You can look at the Diamondbacks one of two ways.
They’re three games under .500.
They’re in a pennant race.
They traded veteran right fielder Shawn Green to create more payroll room next season.
They want to win this year.
They’re caught between a soft pillow and a bright future, and somehow, manager Bob Melvin has to try to win today without sacrificing tomorrow.
For his next trick, he’ll make Pluto a planet again.
“When you trade a veteran guy at the time we did, it throws up a red flag that potentially means we don’t think we can win,” Melvin said Saturday. “But that’s not the case.”
Actually, it is.
The Diamondbacks never will admit it publicly, but their focus has not been altered by the ridiculous pennant chase that is the National League West.
They’re more concerned about building a foundation for next year and beyond than winning this year.
What other conclusion can be drawn from the Green trade? In the midst of a pennant race, Arizona dealt its best right fielder to make room for Carlos Quentin, who was hitting .240 at the time.
Green may not be the player he once was, but who would you rather have taking critical at-bats in September: a veteran who’s used to the pressure, or a rookie with eyes as big as saucers?
“There’s a lot of energy in these younger guys, and they’ve had some success,” Melvin said.
Maybe, but outside of shortstop Stephen Drew, none of the Diamondbacks’ rookies look like sure things in September. It’s more likely they’ll struggle than succeed.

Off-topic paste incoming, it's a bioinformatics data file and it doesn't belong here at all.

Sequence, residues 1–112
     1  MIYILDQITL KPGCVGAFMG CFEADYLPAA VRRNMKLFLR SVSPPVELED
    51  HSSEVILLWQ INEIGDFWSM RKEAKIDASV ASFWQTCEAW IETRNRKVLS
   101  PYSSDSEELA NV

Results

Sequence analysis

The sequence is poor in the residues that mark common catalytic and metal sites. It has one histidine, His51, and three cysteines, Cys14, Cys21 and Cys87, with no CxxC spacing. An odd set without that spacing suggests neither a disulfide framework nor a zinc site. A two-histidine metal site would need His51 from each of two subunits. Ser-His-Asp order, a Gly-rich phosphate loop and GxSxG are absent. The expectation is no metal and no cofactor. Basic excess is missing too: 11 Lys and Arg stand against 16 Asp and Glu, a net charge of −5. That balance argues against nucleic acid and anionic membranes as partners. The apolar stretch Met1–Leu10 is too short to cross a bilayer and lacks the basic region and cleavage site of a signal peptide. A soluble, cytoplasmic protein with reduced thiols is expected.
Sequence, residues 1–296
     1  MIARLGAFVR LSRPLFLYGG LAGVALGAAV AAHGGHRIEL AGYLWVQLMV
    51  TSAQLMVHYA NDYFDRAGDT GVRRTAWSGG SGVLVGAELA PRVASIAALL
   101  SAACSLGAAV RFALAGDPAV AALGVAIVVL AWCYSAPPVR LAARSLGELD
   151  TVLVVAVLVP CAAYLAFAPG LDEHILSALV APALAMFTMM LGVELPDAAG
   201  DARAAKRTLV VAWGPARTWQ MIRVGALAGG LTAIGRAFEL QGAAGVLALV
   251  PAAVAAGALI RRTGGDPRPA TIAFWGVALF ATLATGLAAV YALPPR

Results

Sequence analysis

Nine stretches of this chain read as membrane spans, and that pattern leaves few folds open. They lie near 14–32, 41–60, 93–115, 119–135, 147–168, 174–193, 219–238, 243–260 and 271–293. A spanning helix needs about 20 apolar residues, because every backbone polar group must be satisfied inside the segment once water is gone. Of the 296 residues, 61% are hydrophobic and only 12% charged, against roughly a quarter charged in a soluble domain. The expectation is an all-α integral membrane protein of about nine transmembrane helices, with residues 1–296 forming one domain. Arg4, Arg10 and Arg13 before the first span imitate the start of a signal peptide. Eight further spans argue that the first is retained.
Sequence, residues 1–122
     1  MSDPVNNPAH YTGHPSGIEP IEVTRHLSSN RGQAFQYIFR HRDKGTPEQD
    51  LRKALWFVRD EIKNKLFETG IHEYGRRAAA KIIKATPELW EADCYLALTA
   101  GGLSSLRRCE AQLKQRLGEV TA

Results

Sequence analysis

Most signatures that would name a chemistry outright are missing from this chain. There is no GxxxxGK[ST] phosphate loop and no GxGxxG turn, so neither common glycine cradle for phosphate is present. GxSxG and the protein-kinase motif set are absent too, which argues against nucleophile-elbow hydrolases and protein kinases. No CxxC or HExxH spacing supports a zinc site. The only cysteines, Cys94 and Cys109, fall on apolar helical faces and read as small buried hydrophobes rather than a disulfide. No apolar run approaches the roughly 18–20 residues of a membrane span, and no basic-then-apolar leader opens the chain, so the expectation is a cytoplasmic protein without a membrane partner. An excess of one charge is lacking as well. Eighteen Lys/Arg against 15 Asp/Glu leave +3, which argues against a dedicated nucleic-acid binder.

Yes, I’m aware Arizona traded for veteran starter Livan Hernandez to bolster its rotation for the stretch run. But know this: If Hernandez isn’t under contract for next season, the Diamondbacks don’t make the deal with Washington.
Arizona had no interest in acquiring a rent-a-player, which in itself tells you that 2007 is more important than 2006.
That may not be the politically correct statement for Arizona to make — you don’t give up on a pennant race when you can reach out and touch it — but it’s the right thing to do.
The Diamondbacks aren’t a playoff team. Even if they somehow sneak into the postseason, they’ll be dropped off at the nearest exit. To hang onto a player like Green when his salary can be used in the offseason to help procure a starting pitcher — or a legitimate clean-up hitter — would be foolish.
September could be a lot of fun for Arizona, but this season shouldn’t be defined by the final record as much as it should for how it’s set the organization up for next year.
That’s been the bottom line since April, and it remains the bottom line, even if the Dodgers, San Diego Padres and everyone else in the National League keeps trying to convince the Diamondbacks they’re something they’re not.
Now, for something completely different.
The new sound system at Chase Field is — let me find the right word here — obnoxious. I understand the folks in the upper deck had trouble hearing the public address announcer with the old system, but a baseball game shouldn’t be played at the deafening decibels of an NBA game.
Baseball is a leisurely pace and small talk with your neighbor, not music so loud your ears bleed and you can’t hear the person next to you. Do us a favor, Arizona. Turn the volume down. Either that, or keep a super-sized supply of aspirin on hand. Because you’re giving your fans a headache.